House to vote on resolution rebuking Trump’s Syria troop withdrawal
WASHINGTON ― As Congress seeks a way to reverse the damage from the U.S. military pullback from northern Syria, the House is expected to vote Wednesday on a resolution condemning President Donald Trump’s decision.
House Speaker Nancy Pelosi, D-Calif., and Senate Minority Leader Chuck Schumer, D-N.Y., on Tuesday urged Republican lawmakers to back the measure. Bipartisan support could add pressure for Senate Majority Leader Mitch McConnell, R-Ky., to bring the measure to the floor―though he was noncommittal about any action Tuesday afternoon.
“The chaos and insecurity unleashed in Syria by President Trump’s disastrous decision to precipitously withdraw from northern Syria require strong, smart leadership from Congress,” Pelosi and Schumer said in a joint statement, adding: “With one voice, we call on President Trump to support Kurdish communities, to work to ensure that the Turkish military acts with restraint, and to present a clear strategy to defeat ISIS.”
The resolution, from House Foreign Affairs Committee Chairman Eliot Engel, D-N.Y., and ranking member Rep. Michael McCaul, R-Texas, says Congress opposes the U.S. troop pullback. The withdrawal prompted Turkey’s attacks on Syrian Kurds, who’d been the top U.S. ally in the region against Islamic State fighters.
An identical bipartisan measure is being introduced in the Senate.
The measure says Turkey should halt military actions in Syria and says the U.S. should send humanitarian aid to the embattled Kurds. It also calls on Trump to produce “a clear and specific plan for the enduring defeat” of the Islamic State.
Engel and McCaul have also offered sanctions against Turkey, and Sens. Lindsey Graham, R-S.C., and Chris Van Hollen, D-Md., are expected to introduce their own sanctions legislation on Thursday. Though McConnell has not committed to bringing any legislation to the Senate floor, Van Hollen told reporters, “We’re building momentum.”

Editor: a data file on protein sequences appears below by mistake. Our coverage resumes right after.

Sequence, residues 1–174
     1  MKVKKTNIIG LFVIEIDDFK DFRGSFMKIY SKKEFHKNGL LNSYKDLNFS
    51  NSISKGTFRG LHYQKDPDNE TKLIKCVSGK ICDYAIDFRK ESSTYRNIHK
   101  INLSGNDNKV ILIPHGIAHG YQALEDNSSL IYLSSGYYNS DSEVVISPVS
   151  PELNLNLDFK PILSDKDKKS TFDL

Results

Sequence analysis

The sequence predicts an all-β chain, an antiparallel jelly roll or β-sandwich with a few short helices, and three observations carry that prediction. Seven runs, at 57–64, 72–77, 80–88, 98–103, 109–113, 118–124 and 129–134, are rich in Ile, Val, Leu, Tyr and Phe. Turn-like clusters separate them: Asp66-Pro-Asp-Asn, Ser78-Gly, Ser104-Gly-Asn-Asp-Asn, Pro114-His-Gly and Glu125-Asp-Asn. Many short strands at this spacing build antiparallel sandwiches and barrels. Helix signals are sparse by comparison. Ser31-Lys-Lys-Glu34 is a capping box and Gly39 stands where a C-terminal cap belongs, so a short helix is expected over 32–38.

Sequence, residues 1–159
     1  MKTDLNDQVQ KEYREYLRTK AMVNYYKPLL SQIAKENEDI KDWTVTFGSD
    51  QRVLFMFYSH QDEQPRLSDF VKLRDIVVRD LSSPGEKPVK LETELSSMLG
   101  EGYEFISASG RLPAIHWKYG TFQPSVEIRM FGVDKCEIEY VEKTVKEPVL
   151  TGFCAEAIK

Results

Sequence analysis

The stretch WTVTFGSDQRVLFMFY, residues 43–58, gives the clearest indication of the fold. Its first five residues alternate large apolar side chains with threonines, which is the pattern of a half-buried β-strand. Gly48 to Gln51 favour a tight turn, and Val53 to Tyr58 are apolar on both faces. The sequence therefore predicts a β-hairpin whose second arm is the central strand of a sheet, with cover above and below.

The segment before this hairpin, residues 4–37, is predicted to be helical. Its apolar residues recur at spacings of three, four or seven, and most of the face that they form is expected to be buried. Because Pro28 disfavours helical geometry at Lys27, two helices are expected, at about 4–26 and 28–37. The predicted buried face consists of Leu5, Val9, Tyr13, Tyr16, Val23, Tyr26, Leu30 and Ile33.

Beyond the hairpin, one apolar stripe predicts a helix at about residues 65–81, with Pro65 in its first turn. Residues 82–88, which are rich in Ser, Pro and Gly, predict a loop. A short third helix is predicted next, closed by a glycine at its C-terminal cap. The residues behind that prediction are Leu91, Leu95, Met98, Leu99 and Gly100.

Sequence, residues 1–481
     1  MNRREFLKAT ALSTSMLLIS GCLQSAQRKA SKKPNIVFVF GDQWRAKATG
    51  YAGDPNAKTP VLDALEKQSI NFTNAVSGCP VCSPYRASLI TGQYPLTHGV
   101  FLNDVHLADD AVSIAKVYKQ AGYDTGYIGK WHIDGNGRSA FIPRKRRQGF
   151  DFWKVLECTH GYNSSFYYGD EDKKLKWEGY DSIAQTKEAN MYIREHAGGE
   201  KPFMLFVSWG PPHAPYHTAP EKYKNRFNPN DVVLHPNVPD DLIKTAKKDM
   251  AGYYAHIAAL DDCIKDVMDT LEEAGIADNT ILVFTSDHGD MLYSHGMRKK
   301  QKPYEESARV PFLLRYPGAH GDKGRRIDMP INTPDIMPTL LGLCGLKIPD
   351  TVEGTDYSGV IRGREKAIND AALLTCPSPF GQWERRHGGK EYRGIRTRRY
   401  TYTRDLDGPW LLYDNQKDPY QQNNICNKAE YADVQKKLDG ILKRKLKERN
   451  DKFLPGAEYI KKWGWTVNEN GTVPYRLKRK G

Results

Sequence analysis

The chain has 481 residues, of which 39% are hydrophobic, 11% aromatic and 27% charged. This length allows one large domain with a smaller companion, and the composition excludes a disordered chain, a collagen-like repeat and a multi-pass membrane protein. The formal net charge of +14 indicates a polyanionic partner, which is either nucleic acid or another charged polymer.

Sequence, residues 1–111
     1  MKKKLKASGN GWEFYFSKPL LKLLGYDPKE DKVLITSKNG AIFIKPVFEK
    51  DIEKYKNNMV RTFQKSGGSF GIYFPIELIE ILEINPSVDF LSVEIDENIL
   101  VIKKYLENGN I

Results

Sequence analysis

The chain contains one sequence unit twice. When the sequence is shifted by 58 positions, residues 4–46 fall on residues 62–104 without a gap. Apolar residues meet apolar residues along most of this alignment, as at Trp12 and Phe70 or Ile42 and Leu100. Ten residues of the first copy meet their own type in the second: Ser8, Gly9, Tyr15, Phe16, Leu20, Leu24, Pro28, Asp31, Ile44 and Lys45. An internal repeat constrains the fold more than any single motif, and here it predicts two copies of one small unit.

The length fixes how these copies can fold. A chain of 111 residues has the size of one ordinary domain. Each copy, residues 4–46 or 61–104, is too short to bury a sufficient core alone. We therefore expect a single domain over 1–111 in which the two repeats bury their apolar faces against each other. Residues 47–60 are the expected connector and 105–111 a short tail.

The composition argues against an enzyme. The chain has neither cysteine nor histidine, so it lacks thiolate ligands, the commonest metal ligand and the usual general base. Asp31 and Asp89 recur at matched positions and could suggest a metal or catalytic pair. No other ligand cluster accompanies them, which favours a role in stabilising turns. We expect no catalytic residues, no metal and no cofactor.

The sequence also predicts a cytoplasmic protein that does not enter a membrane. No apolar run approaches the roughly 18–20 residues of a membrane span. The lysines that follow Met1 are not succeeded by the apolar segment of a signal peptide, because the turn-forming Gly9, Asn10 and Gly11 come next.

On Thursday, Senate Armed Services Committee will hold a closed door hearing with Defense Secretary Mark Esper and Joint Chiefs Chairman Gen. Mark Milley in an effort to find a substantive path for Congress to turn the crisis around.
“There just isn’t an easy answer for that, and that’s why we’re having the hearing,”
Describing himself as a longtime friend of Masoud Barzani, a former president of Kurdistan, Inhofe said he disagreed with both Trump’s decision to withdraw the troops and with Turkey’s subsequent invasion, “which might end up in the mass murder of a lot of people.”
Despite Trump’s campaign promise to end “endless wars,” Trump is paying a political price as he isolates even his supporters on this issue. Supporters at Trump’s recent Minneapolis rally, by Inhofe’s reckoning, did not respond well to his justification for the troop withdrawal.
“I’ve been one of the strongest supporters of this president, but I disagree with him on this,” Inhofe said, adding that while Oklahoma is overwhelmingly for Trump, calls to his office were 20-to-1 against Trump’s proposed Syria withdrawal in December.
While McConnell was non-committal about what action the Senate might take, he has has criticized Trump’s decision indirectly and, in a floor speech Tuesday, voiced “grave concern” about the U.S. response to the escalating crisis.